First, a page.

For COVID-19, ‘Inside Edition’ Goes ‘Acoustic’
In early March, Deborah Norville was celebrating 25 years hosting syndicated news magazine Inside Edition. Less than two weeks later, she was hosting a pandemic wartime version of the show from her kitchen.
Norville was one of the first broadcasters to bring remote production into her home during the earliest days of COVID-19 lockdown. Back then, such domestic glimpses were still a novelty.
Almost two months later, the novelty may have worn off with some viewers, but Norville has become attached to some of the changes it has wrought.
“It’s like the acoustic version of Inside Edition,” Norville says. “I think the stripped-down version is very real.”
Things have evolved since the show’s first remotely-produced episodes. Norville tried shooting from an outside studio at first, but didn’t like its generic, antiseptic feel and switched over to her living room. There, she does her on-camera segments in front of a large screen TV with an Inside Edition visual running on AirPlay. She shoots her segments with her own JVC HD camera, tripod and light kit, using a rented LiveU unit to transmit her video.
“There is a basket turned over with a couple of bath towels on top of it that holds up one of the lights,” Norville says. “I have to move the chairs around the kitchen table to put the camera in, then I move them back so we can have dinner. It’s that kind of a thing.”
It’s important to have visual continuity with the show’s pre-pandemic, studio version, Norville says, but it’s the differences now that are more impactful to her. “You don’t have graphics over my shoulders,” she says. “You don’t have the music that we had every time you turned around in the break and out of the break.”
All of which has lent the production an immediacy that Norville is seeing have an effect even within her own household. “I have been on this show for 25 years, and my family has never gathered together on the sofa to watch until now,” she says, “and it’s not because we are sitting on the sofa where the camera was a few hours before.”
As with almost every syndicated show still in production, the process is now more arduous.
“In the days before this crisis, the producers worked very closely with the editors in the edit bay, supervising all the shots and the edits,” says Charles Lachman, the show’s longtime executive producer. “Now they are each working remotely from their homes, so a lot of this [is done] on FaceTime and other platforms, but it’s not the same. It doesn’t give you the immediacy of putting together a polished piece.”
Norville says the inherent disjuncture of remote working complicates the process. “We are working differently,” she says. “We have to be very deliberate about story selection and story execution, whereas before even when we were on the air, things could be shuffled around. We don’t have that luxury anymore, so decisions have to be made much earlier in the process.”
Maintaining Inside Edition’s polish is a priority for Lachman, who exudes the feeling of an old-school, high-veneer showrunner who doesn’t want to take his product in too deconstructed a direction.
“The viewers at home are not supposed to see how difficult the process is to do every day and the sweat that goes into it,” he says. “We are the only ones who have to experience that.”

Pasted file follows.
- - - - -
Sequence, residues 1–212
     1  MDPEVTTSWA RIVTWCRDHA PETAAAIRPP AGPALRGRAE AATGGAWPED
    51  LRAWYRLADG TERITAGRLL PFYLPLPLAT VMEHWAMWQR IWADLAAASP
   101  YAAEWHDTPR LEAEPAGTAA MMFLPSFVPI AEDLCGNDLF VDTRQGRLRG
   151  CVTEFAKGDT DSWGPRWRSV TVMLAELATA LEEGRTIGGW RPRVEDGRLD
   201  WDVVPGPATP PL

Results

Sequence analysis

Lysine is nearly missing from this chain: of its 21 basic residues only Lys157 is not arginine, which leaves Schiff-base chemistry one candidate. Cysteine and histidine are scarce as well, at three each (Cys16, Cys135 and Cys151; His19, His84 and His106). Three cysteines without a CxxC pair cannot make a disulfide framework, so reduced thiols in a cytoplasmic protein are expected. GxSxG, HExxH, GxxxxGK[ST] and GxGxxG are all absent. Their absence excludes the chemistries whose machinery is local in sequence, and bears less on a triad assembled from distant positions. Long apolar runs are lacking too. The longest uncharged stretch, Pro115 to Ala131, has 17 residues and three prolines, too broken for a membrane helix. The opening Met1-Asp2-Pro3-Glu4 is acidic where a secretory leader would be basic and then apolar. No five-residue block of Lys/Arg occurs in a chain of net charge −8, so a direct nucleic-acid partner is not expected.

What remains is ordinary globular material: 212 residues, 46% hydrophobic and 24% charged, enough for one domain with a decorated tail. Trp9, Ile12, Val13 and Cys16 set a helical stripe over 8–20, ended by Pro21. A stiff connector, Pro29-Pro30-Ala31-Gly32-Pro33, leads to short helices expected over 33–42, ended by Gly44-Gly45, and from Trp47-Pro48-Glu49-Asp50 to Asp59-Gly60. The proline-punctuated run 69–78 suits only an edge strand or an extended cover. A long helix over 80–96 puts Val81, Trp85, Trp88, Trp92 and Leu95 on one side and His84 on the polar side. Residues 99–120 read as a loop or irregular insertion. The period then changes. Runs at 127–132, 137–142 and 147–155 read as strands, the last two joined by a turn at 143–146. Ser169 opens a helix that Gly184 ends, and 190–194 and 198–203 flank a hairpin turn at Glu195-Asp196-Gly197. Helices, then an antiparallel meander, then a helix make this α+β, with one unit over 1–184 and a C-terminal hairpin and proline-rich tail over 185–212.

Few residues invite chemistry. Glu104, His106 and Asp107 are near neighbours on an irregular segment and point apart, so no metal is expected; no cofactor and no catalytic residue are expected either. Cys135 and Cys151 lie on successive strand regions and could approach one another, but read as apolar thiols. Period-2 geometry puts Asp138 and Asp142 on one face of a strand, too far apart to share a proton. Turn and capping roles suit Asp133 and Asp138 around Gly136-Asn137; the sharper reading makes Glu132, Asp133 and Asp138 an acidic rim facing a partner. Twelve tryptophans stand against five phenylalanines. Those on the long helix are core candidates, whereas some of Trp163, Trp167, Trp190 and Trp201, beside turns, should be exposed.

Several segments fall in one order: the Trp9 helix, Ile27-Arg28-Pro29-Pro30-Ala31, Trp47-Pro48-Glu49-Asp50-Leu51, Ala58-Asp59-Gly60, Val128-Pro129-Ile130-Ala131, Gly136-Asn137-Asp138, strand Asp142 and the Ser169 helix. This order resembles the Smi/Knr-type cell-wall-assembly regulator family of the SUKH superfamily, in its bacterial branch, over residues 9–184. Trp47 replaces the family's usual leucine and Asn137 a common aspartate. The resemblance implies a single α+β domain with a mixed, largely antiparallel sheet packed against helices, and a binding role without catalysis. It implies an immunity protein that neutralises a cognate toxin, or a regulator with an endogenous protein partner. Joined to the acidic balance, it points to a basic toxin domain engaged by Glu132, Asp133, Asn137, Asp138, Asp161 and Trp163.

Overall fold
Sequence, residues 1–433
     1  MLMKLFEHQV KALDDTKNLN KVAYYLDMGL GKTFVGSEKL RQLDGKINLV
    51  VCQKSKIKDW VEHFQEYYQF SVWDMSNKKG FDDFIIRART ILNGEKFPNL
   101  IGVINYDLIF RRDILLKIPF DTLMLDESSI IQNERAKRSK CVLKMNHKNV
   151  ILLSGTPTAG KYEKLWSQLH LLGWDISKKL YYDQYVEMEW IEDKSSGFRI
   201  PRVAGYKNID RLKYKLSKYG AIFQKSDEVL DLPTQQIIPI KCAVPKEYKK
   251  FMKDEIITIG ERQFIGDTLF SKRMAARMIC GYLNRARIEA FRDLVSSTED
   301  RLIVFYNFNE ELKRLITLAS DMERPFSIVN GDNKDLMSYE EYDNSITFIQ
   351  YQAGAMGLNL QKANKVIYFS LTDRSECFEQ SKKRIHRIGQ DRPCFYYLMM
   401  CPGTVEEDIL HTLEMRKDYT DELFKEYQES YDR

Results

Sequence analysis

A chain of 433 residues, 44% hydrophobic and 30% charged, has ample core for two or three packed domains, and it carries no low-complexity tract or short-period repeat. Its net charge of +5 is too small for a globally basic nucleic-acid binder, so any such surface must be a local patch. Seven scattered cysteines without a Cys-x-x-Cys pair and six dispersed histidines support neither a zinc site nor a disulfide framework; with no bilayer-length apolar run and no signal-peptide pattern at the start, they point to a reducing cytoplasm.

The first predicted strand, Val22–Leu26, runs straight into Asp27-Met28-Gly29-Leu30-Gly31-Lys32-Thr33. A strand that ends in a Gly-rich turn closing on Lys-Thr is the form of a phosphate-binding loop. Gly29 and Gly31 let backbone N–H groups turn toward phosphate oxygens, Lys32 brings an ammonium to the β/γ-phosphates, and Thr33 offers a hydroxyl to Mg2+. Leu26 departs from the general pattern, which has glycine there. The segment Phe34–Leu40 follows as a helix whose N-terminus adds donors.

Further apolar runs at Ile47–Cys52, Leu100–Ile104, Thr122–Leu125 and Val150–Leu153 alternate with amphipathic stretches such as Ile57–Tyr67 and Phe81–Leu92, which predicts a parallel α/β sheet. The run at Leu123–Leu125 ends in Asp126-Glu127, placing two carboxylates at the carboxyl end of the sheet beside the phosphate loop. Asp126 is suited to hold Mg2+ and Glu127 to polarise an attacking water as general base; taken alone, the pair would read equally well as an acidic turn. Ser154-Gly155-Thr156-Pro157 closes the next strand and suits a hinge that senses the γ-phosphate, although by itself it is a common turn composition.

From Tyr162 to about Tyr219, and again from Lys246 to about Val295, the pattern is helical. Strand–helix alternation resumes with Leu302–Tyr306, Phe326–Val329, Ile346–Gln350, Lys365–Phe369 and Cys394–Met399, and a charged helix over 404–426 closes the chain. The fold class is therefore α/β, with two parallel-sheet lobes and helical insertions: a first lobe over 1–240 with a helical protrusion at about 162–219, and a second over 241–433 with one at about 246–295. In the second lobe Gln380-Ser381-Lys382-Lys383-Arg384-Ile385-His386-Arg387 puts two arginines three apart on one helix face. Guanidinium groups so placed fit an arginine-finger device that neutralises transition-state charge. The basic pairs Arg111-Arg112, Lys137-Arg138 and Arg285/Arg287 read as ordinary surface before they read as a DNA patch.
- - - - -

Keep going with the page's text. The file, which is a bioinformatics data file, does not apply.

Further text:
But viewers and the show’s makers alike are both living in the same COVID-infused reality now. That’s informing not just Inside Edition’s look, but also what it’s covering. “The idea of mixing it up and doing a variety of stories is gone, at least for the time being,” Lachman says. “Now every story that we talk about is in some fashion connected to COVID-19.”
He says the show has tapped a deeper well of the kind of inspirational stories that were always in its mix. “People are not watching the show just for news content,” Lachman says. “They are all watching to be inspired by the good deeds that are happening all over the country. People really do have that hunger for hope in these very bleak times.”
Along the way, they’re getting a little closer to Norville and the show’s correspondents in more personal moments. One was Norville’s quest to get an accurate test for the virus after she received a positive result from a questionable test. Another came in the field when correspondent Ann Mercogliano was interviewing a source whose husband was a first responder. Mercogliano, whose own husband is in law enforcement, found herself in tears with her interview subject.
“It was a very real and very raw moment that stands out to me,” Norville says. “It just underscored we are all in this together.”
She says that moment — and the kind of stories that prompted it happening every day — may have a more permanent impact on Inside Edition’s editorial direction.
“I don’t know that we will do a lot of goofy stories about plastic surgery and people who do bizarre things to their bodies,” Norville says. “I just don’t think anybody is going to care even if they cared in the past. It sure seems like a dumb way to spend a viewer’s time going forward.”
For now, Inside Edition can sustain its pandemic posture indefinitely, Lachman says, but he’s longing to get the show back into its studio element. “I can’t wait to get back into the studio and into our regular facilities,” he says. “I can’t wait to get all the bells and whistles going like we used to. That would be a very happy day for all of us here.”
Well, maybe not entirely for Norville. She’s grown on the show not being so “gussied up.” Paring it down “draws more attention to the content, and the content has been so important,” she says.
“I am sure when we are on the other side bells and whistles will return, but it seems appropriate for the kind of subject matter we are doing.”
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